We have passed our last timezone yesterday and are now 5 hours behind Amsterdam. Local time is 01.51. Only 300 nautical miles to go. Yesterday was a great day again. Only one squal (an episode of heavy rain and a lot of wind, out of the blue) hit us during the day, and this one had way less wind than the numerous others we had. The waves decreased and became more stable. While before we have coursed more south to miss several thunderstorms ( the new predictions seems to proof that was a great idea), we have just turned the bow directly towards Barbados. Expecting to arrive on Tuesday.
Today another five questions in the second part of the FAQs:
6. What if you’re confronted with a storm?
J: First of all, we try to always dodge storms. In two ways; only do passages in the right season and to carefully study long and short term weather predictions. When the expected weather is not perfect, we do not move.
S: But even with these precautions it can happen that a lot of wind, really high waves or thunderstorms hit us. Every storm will be different but we have thought about many situations. We have options to make the sails really small or even lower most of them. We have a storm door to close off the whole boat. We have a droque, which is a sea anchor that can be used to slow down the boat and keep it on course when really larges waves hit us.
J: I think the most important thing is that you fully trust your boat and each other. We know Yndeleau is capable, and we will be prepared as good as possible every time it could happen.
S: And we do not see storms as the biggest danger. (What so we think is the biggest danger? See FAQ 8)
7. What if one of you becomes sick?
J: It starts with keeping as healthy as possible and be a bit more precautioness in everything you do on deck. In the middle of our crossing, we were 2500 km away from doctors, hospitals and pharmacies… Therefor, we look like a small hospital with a pharmacy ourselves. We have taken a lot of treatments, antibiotics, painkillers and even a emergency dental filling set.
S: Furthermore we have learned to inject, stitch and do all kind of first aids. Next to that, we can call the doctors in NL 24/7 with our satellite phone. They can advise us what to do. What kind of antibiotics to take, etcetera. We don’t even have to wait in the waiting room ;-).
8. What’s the biggest danger?
S: In our opinion there are two. Fire and a collision. A collision with a ship is almost impossible because of our AIS Alarm system. All boats (99.9%) have an identification system which we can track. The alarm lets us known when another boat is closeby. Hitting a submerged container or a whale are bigger chances. But that is still a really, really, really small chance.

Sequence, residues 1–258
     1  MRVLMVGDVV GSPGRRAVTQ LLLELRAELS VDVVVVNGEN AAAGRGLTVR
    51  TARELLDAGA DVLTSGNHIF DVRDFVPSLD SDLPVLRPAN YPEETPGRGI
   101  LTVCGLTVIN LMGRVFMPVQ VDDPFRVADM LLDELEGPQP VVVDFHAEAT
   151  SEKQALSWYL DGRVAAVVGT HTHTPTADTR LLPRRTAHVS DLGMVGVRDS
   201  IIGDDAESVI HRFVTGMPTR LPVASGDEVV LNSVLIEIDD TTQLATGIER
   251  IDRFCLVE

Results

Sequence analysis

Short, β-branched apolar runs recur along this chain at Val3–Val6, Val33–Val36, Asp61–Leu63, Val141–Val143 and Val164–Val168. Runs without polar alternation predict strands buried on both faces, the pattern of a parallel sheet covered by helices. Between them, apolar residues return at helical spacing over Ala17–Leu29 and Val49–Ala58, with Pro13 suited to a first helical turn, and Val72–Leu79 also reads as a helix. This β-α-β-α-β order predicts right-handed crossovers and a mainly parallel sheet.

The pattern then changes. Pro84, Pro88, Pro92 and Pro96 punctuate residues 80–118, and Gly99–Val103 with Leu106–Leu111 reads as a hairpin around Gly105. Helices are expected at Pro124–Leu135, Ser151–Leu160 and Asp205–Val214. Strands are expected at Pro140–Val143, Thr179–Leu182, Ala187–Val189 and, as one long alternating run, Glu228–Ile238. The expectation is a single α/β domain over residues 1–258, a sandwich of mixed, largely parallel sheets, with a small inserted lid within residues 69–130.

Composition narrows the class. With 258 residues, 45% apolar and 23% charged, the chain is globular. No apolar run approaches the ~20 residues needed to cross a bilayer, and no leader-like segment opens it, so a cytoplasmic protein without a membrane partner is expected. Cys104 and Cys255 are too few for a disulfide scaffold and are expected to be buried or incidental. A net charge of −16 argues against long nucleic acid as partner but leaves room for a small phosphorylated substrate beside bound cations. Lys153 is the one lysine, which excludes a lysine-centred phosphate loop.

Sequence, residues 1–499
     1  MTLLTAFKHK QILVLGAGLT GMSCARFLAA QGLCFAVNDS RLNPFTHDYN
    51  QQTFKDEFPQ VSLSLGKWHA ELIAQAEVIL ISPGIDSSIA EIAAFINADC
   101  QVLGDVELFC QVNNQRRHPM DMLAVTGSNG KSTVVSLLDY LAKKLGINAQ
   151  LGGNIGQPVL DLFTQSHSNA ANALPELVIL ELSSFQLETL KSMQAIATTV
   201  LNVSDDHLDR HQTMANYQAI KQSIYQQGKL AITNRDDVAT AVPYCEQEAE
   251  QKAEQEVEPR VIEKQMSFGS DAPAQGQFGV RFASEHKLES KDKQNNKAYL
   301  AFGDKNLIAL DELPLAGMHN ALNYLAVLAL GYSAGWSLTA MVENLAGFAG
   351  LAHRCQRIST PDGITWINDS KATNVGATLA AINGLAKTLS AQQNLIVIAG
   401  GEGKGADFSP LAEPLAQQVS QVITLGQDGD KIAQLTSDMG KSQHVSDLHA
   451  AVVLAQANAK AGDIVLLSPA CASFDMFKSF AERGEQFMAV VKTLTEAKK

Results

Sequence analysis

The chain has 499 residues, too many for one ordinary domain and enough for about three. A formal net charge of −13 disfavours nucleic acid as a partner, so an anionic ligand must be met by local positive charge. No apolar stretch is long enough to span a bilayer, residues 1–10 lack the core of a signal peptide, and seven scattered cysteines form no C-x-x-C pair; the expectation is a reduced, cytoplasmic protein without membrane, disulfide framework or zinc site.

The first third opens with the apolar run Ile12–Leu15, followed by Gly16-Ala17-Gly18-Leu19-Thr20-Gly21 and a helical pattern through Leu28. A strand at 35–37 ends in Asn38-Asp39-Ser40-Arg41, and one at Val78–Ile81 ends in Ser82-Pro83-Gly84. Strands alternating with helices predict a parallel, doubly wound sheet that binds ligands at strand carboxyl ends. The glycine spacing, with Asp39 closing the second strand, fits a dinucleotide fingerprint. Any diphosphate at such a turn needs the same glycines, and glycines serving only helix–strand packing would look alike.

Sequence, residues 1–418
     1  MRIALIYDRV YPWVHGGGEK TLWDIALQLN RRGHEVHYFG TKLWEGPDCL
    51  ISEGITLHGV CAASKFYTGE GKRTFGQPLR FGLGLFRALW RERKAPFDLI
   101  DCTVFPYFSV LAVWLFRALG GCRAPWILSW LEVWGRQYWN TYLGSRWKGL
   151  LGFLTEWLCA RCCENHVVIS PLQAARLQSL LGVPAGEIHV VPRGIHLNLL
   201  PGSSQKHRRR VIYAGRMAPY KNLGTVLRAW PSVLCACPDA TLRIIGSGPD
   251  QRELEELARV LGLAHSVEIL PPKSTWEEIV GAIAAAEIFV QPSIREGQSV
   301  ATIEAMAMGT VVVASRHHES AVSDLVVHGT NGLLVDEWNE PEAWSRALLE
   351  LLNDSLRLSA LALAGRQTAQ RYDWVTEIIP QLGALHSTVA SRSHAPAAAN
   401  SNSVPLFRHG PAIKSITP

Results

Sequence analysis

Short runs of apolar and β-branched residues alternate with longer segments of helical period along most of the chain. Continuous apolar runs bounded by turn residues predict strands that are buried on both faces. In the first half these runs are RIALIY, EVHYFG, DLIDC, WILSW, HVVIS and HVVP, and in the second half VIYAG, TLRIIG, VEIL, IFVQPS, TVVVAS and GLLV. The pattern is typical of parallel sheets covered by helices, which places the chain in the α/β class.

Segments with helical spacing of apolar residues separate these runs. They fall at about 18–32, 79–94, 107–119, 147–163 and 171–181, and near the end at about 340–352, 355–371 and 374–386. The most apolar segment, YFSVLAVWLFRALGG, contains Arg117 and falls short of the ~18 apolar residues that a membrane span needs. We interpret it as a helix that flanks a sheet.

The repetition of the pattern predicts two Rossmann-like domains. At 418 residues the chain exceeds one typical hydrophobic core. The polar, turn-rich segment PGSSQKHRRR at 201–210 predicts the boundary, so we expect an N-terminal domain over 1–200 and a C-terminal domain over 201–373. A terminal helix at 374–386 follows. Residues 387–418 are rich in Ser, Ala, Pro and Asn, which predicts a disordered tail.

J: Fire can also happen. But we have taken all precautions and have many fire extinguish options.
S. Rationally stepping in a car on the A1 is more dangerous really.
9. What do you like the most about crossing?
S: Just doing it. Being outdoors all day and night, seeing a lot of nature, feeling very alive with many highs and lows, facing fears, being so far away from ‘normal life and that makes you reconsider your life ashore.
J: While the basic of our day are the same; wind, water and views. The days are totally different. The sunsets, the sunrises, the type of waves and clouds, the playful dolphins, the silly suicidal flying fish and the endless thoughts during the night watches. Where do you find this kind of freedom and beauty? The scary thought of being so far away from others and help is at the same time a wonderfully experience in trust and acceptance of each other, the boat and yourself. Do I dare to say life-changing?
10. What do you dislike most?
S: Sometimes you feel so tired physically. Some nights the sleep is really bad. Broken shifts create a dragging physical tiredness, I can really imagine how hard the first months/years are for new parents 😉 let alone parents on a boat: you have my deepest respect! Some days you get smashed all over the boat with waves hitting. I have never had so many bruises. Yesterday I was brushing my teeth, and a big wave swept all dishes of the countertop. The fish bucket fell against my leg and the jucky juices drips down on me. Arrrrr…
J: The constant movement and shakedowns indeed. Sometimes I am really annoyed and just want to scream. I just baked bread and you couldnt stand without being thrown to the kitchen counter many times. Or when you open a closet and a big waves smashes onto the boat and everything falls out. Luckily, we didn’t have long periods of no wind yet this passage, that is very annoying as well.
That were the 10 questions. We will post more FAQs in the future. So let us know if you have any burning questjons? For now; 2 more nights to go. A thunder in the distance lights up the sky. These nights are so beautiful!
Sent from Iridium Mail & Web.
Schiet al lekker op! Top hoor
Wat een fijn vooruitzicht dat jullie er bijna zijn! En blijf vooral schrijven!
I’m so proud on both of you. Kan vaak niet precies onder woorden brengen wat die trots nou precies is. Want ook in het dagelijks leven hier in nederland zijn de uitdagingen groot en de hoogte en dieptepunten dicht bij. En vele jonge mensen moeten die uitdagingen, werk, partner, kids, enz, enz een plek geven. …….ik hou van jullie
Beste Jurre en Susan,
Hebben zojuist jullie verslag gelezen. Nog twee nachten zeilen en dan zijn jullie bij Barbados. Geweldig mensen.
Momenteel waait er hier in Nederland een stevige storm. Prachtig weer dus voor een wandeling.
Veel succes de komende dagen.
Vriendelijke groeten van Marian en Tjalling.
Zo leuk Suus en Jur, jullie doen het toch mooi maar!
Nog eventjes en dan hopelijk het anker uit of vaste land onder je voeten. Zon, Strand en Wijn! XX
Heerlijk dat al die vragen gewoon exact de vragen zijn die ik heb. Fijn dat jullie er bijna zijn. Het is toch altijd weer even de dag beginnen met jullie predictwind link om te kijken waar jullie dobberen.